As we shiver into another Canadian winter and fret over blanketing our horses, there is a breed of horse that enters a hibernation state to cope with freezing temps. The Yakut horses live in northern Siberia, where you can guess it’s pretty darn cold – indeed, average winter temperatures are in the frigid -40 degree Celcius range.

A group of international scientists led by author Ludovic Orlando, PhD, of the Centre for GeoGenetics at the Natural History Museum of Denmark, sought to find out how these small horses survived such extreme conditions. Their paper, Tracking the origins of Yakutian horses and the genetic basis for their fast adaptation to subarctic environments was originally publishing in 2015. The findings included that the Yakut horses, whose DNA sets their arrival in the region during the 13th and 15th centuries, evolved into having small bodies and short legs which helps to hold onto body heat. The thick coats, like all mammals, aids in insulating them from the icy temperatures.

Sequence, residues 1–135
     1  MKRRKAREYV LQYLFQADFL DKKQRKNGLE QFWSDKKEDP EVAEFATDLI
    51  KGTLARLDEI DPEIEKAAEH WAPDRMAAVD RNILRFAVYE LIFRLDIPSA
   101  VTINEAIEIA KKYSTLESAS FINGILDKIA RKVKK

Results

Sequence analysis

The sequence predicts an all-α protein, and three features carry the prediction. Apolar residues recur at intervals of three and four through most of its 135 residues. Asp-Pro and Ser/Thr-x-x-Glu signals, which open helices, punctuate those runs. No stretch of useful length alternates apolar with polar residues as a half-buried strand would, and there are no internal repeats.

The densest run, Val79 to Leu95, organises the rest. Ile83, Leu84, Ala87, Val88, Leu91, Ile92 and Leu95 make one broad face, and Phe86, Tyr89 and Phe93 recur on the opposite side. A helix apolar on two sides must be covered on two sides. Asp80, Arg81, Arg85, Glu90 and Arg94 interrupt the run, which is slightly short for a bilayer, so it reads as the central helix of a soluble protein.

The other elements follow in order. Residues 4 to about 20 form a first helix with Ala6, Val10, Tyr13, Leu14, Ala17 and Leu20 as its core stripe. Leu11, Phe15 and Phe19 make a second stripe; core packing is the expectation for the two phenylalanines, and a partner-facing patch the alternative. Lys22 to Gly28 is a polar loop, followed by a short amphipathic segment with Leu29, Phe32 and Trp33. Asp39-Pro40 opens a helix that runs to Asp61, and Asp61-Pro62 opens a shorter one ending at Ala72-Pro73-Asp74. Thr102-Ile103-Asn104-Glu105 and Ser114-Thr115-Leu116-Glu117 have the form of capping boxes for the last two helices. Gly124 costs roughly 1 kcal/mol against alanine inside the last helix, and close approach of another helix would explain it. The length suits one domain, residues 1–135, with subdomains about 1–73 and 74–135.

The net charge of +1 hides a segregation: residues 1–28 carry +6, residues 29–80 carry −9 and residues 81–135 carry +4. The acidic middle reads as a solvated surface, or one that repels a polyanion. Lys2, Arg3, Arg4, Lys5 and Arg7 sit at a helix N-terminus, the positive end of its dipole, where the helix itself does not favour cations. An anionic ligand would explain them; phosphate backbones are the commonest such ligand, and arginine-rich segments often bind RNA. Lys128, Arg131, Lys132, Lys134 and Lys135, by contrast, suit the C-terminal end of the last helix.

But the standout news proved to be that the horses were found to enter a state of “torpor” similar to bears, that lowers body temps, slows heart rates, and reduces metabolic activity for hours at a time. Otherwise known as hibernation, this study was the first time the phenomenon was found in equines. The researchers further noted that the Yakut herd weren’t “sleeping” the entire winter, but were able to keep on the move, a phase that the science community call “standing hibernation.”

So next time you’re throwing that thick turnout over your horse, remember that somewhere in northern Siberia, a little horse is having a cozy nap.